Cybercriminals Hesitant About Using Generative AI

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Cybercriminals are so far reluctant to use generative AI to launch attacks, according to new research by Sophos.

Examining four prominent dark-web forums for discussions related to large language models (LLMs), the firm found that threat actors showed little interest in using these tools, and even expressed concerns about the wider risks they pose.

In two of the forums included in the research, just 100 posts on AI were found. This compares to 1000 posts related to cryptocurrency during the same period.

The researchers revealed that the majority of LLM-related posts related to compromised ChatGPT accounts for sale and ways to circumvent the protections built into LLMs, known as ‘jailbreaks.’

Additionally, they observed 10 ChatGPT-derivatives that the creators claimed could be used to launch cyber-attacks and develop malware. However, Sophos X-Ops said that cybercriminals had mixed reactions to these derivatives, with many expressing concerns that the creators of the ChatGPT imitators were trying to scam them.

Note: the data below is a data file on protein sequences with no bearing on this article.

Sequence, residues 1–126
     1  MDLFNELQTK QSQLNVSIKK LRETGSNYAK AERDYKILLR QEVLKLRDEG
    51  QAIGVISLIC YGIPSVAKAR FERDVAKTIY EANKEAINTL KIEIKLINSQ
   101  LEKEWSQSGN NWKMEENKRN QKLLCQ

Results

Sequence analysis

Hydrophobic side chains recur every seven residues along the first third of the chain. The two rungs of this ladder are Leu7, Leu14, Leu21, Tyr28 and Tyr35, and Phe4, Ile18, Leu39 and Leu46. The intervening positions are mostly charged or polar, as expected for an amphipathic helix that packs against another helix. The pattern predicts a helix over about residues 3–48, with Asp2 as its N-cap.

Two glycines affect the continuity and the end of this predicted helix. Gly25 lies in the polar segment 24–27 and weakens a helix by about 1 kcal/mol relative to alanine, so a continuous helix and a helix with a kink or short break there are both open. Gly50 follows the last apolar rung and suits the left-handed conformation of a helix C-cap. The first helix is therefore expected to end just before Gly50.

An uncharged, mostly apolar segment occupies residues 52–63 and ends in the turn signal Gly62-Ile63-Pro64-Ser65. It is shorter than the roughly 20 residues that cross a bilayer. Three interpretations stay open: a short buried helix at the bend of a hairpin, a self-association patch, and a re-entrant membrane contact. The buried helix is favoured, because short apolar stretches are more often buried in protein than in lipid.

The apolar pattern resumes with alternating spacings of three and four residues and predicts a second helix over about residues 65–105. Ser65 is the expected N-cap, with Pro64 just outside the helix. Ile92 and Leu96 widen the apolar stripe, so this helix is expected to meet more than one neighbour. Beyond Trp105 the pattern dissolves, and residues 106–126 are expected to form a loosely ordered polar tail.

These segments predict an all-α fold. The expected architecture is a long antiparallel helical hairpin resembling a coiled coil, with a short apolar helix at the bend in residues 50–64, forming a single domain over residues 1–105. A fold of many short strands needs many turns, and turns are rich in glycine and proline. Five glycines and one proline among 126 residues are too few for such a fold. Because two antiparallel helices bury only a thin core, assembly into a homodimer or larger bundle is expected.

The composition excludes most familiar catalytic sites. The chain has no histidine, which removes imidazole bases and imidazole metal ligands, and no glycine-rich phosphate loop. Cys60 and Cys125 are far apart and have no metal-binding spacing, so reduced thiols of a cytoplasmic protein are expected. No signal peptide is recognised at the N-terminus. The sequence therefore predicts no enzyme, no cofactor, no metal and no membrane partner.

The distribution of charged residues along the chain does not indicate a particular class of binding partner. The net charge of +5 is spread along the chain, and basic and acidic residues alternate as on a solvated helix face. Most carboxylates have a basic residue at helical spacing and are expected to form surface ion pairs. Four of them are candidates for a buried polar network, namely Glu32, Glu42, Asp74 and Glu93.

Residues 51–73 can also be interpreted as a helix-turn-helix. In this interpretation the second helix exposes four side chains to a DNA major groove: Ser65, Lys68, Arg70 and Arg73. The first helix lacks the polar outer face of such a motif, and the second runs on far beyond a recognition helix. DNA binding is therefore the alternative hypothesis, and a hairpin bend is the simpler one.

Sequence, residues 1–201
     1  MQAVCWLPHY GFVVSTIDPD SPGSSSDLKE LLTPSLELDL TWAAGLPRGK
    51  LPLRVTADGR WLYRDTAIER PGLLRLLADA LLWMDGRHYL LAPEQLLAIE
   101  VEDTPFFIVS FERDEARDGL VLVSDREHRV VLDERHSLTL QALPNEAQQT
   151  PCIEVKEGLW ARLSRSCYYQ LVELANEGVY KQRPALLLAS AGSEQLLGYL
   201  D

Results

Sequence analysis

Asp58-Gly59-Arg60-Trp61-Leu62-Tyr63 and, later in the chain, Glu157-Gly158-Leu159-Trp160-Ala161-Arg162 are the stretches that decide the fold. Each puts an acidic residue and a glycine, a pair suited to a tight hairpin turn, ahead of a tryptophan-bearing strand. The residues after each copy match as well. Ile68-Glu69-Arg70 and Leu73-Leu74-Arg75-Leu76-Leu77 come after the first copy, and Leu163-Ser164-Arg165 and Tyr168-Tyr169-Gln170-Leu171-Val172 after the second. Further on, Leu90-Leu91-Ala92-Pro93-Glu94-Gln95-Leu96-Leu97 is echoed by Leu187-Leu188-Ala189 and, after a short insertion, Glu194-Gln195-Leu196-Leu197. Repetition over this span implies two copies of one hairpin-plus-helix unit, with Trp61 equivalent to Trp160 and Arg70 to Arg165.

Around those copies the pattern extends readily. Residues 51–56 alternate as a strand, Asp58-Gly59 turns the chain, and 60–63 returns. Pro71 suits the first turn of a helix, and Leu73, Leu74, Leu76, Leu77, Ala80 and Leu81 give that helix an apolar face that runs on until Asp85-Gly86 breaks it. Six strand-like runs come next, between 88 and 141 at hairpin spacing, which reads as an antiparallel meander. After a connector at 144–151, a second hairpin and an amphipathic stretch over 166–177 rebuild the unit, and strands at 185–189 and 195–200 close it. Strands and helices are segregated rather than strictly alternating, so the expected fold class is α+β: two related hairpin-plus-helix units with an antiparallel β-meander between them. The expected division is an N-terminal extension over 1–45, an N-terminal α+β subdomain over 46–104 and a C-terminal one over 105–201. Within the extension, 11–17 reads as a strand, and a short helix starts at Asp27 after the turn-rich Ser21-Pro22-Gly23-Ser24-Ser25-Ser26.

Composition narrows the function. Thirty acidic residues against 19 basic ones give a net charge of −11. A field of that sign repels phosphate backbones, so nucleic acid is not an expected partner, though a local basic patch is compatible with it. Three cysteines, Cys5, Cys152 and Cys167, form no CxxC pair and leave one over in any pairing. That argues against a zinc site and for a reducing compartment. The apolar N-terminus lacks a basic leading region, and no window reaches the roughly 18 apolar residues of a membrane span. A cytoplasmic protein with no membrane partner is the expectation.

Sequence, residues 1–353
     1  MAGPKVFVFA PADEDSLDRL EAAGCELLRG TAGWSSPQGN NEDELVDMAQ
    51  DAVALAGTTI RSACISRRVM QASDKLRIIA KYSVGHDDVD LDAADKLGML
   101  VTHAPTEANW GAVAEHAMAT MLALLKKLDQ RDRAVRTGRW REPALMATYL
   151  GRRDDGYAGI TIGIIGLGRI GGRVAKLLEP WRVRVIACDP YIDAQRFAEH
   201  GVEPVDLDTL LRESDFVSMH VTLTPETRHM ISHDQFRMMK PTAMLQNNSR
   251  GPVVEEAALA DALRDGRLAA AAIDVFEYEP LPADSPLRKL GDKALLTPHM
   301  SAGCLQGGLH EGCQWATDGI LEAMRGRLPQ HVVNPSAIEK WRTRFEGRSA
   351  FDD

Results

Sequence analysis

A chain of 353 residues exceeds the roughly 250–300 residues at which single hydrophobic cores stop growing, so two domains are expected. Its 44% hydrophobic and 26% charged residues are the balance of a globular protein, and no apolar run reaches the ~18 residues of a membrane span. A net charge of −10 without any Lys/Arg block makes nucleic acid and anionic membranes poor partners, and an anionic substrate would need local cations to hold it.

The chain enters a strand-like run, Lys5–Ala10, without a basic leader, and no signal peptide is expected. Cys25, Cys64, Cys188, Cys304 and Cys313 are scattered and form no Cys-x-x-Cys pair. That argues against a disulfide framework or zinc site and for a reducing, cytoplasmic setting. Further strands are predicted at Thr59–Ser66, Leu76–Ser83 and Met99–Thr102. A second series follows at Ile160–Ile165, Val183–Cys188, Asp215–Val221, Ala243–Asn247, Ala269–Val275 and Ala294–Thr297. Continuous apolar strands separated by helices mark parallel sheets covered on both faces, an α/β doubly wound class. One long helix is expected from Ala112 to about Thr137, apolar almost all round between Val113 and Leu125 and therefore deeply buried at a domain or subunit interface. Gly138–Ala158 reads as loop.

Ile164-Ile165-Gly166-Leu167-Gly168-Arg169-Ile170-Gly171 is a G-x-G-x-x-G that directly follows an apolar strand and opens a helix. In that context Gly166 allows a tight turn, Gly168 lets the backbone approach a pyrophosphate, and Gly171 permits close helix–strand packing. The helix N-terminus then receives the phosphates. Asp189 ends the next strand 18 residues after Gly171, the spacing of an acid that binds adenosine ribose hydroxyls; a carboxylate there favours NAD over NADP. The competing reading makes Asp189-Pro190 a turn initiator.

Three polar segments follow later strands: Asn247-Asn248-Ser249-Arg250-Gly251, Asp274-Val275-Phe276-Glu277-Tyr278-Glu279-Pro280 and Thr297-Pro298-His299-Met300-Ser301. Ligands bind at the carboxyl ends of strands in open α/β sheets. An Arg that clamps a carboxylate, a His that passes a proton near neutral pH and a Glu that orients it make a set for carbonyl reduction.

The researchers added that many of the attempts to create malware or attack tools using LLMs were “rudimentary” and often met with skepticism by other users. For example, one threat actor inadvertently revealed information about their real identity while showcasing the potential of ChatGPT. Many users had cybercrime-specific concerns about LLM-generated code, including operational security worries and AV/EDR detection.

There were even numerous ‘thought pieces’ posted on the forums about the negative effects of AI on society.

Christopher Budd, director of X-Ops research at Sophos, noted: “At least for now, it seems that cybercriminals are having the same debates about LLMs as the rest of us.”

He added: “While there’s been significant concern about the abuse of AI and LLMs by cybercriminals since the release of ChatGPT, our research has found that, so far, threat actors are more skeptical than enthused.”

Preparing for the Proliferation of AI Based Threats

Despite the current reluctance from cybercriminals to use AI tools, Sophos published separate research demonstrating that LLMs can be used to conduct fraud on a “massive scale” with minimal technical skills.

Using LLM tools like GPT-4, the team built a fully functioning e-commerce website with AI-generated images, audio and product descriptions. It also contained a fake Facebook login and checkout page to steal users’ log in credentials and credit card details.

Sophos X-Ops said it was able to create hundreds of similar websites in seconds with one button.

The firm explained the research was conducted to help prepare for AI-based threats of this nature before they proliferate.

“If an AI technology exists that can create complete, automated threats, people will eventually use it. We have already seen the integration of generative AI elements in classic scams, such as AI-generated text or photographs to lure victims,” explained Ben Gelman, senior data scientist at Sophos.

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